Review: I'll Meet You There (Heather Demetrios)

The Deets: 

Audience: YA
Pages: 400
Publisher: February 3rd 2015 by Henry Holt and Co. (BYR)
ISBN: 9780805097955
Genre: contemporary
Source: eARC




I'll Meet You ThereIf seventeen-year-old Skylar Evans were a typical Creek View girl, her future would involve a double-wide trailer, a baby on her hip, and the graveyard shift at Taco Bell. But after graduation, the only thing standing between straightedge Skylar and art school are three minimum-wage months of summer. Skylar can taste the freedom—that is, until her mother loses her job and everything starts coming apart. Torn between her dreams and the people she loves, Skylar realizes everything she’s ever worked for is on the line.

Nineteen-year-old Josh Mitchell had a different ticket out of Creek View: the Marines. But after his leg is blown off in Afghanistan, he returns home, a shell of the cocksure boy he used to be. What brings Skylar and Josh together is working at the Paradise—a quirky motel off California’s dusty Highway 99. Despite their differences, their shared isolation turns into an unexpected friendship and soon, something deeper.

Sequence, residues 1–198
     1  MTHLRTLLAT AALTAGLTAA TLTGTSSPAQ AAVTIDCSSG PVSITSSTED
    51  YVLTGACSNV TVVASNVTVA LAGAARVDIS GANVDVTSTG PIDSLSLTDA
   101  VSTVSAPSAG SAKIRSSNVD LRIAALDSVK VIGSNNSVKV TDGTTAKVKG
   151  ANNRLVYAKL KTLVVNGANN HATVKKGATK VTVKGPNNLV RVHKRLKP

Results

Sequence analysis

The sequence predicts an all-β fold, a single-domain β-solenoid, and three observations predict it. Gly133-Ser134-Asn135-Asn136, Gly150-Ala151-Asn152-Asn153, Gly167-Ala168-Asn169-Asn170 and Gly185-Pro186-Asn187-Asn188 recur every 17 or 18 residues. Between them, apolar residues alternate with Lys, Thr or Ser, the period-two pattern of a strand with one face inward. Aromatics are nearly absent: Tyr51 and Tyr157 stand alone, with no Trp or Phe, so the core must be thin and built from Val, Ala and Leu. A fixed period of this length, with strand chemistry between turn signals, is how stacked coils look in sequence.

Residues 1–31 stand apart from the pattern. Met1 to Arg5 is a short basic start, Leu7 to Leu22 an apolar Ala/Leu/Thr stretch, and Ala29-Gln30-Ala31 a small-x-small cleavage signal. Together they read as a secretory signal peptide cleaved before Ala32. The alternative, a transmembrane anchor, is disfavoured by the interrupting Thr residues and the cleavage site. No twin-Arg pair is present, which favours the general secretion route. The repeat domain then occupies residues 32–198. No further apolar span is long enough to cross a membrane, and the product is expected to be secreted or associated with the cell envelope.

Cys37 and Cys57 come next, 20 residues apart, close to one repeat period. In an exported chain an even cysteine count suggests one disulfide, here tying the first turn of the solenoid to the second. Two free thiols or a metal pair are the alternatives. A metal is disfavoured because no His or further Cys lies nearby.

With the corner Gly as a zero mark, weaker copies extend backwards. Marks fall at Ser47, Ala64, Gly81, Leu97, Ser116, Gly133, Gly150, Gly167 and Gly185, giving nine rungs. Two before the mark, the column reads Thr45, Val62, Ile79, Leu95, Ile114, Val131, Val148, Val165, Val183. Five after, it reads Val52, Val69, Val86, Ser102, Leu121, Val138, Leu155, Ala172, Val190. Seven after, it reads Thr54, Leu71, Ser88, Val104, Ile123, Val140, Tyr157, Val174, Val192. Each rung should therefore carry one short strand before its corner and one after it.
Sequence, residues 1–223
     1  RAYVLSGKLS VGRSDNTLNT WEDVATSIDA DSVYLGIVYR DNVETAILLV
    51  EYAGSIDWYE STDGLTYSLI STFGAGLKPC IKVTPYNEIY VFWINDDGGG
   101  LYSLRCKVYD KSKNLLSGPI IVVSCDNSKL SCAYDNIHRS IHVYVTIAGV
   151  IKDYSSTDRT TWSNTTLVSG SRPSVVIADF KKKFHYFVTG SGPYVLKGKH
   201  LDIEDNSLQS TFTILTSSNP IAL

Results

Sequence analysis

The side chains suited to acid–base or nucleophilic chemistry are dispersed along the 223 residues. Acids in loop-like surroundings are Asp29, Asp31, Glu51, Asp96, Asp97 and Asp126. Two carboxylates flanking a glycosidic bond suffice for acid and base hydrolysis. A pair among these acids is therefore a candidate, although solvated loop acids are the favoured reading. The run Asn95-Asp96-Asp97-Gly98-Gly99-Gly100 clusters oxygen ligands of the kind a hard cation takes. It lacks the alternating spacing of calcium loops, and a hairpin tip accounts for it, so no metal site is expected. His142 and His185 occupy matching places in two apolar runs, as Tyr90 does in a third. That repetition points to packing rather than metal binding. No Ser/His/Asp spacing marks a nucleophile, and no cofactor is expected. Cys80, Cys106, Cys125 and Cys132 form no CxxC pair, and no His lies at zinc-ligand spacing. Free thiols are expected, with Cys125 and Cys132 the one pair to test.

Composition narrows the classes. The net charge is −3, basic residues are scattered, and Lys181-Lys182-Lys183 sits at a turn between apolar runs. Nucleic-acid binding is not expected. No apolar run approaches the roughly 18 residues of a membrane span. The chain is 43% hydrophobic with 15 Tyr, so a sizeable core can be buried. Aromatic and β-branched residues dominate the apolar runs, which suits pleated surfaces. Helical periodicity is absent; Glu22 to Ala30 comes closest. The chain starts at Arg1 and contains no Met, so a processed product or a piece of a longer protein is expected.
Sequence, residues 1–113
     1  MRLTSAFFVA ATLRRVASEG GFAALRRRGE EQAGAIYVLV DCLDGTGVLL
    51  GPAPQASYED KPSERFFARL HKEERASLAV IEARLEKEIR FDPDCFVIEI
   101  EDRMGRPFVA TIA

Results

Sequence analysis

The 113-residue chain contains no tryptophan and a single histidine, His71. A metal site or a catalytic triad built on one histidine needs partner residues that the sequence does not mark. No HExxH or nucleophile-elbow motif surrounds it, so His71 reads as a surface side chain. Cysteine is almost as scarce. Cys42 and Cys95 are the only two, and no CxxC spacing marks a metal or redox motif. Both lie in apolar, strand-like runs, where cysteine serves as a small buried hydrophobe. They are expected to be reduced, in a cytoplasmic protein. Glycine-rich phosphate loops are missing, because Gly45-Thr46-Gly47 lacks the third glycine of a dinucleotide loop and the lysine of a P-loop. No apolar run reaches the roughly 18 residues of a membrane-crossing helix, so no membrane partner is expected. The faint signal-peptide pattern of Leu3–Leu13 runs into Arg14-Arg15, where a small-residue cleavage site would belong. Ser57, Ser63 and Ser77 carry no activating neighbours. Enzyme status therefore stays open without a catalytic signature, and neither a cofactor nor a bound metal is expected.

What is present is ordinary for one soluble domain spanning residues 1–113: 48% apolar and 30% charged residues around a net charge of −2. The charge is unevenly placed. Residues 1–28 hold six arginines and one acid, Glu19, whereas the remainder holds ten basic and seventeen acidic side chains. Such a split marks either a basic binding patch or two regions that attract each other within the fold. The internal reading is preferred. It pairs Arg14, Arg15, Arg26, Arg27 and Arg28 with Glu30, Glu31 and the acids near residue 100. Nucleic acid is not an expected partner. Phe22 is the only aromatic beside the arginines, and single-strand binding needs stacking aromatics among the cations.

You will either love or hate this book, but I'm pretty sure you're going to love it. It's really hard not to.I mean really, really, really hard not to.

At first I figured I was getting myself into a typical contemporary fiction read. The opening scene was a bit ho-hum and felt cliche to me. You know the scene: good girl at a party full of underaged drinking with her loose best friend and the best guy friend that is a social outcast. I will admit that I almost gave up on the book right then because I was afraid it was not going to be original (and I'm not a huge contemporary fan anyway). But then Josh appeared. I still wasn't sold, but I decided to give the book one more chapter to see what might happen.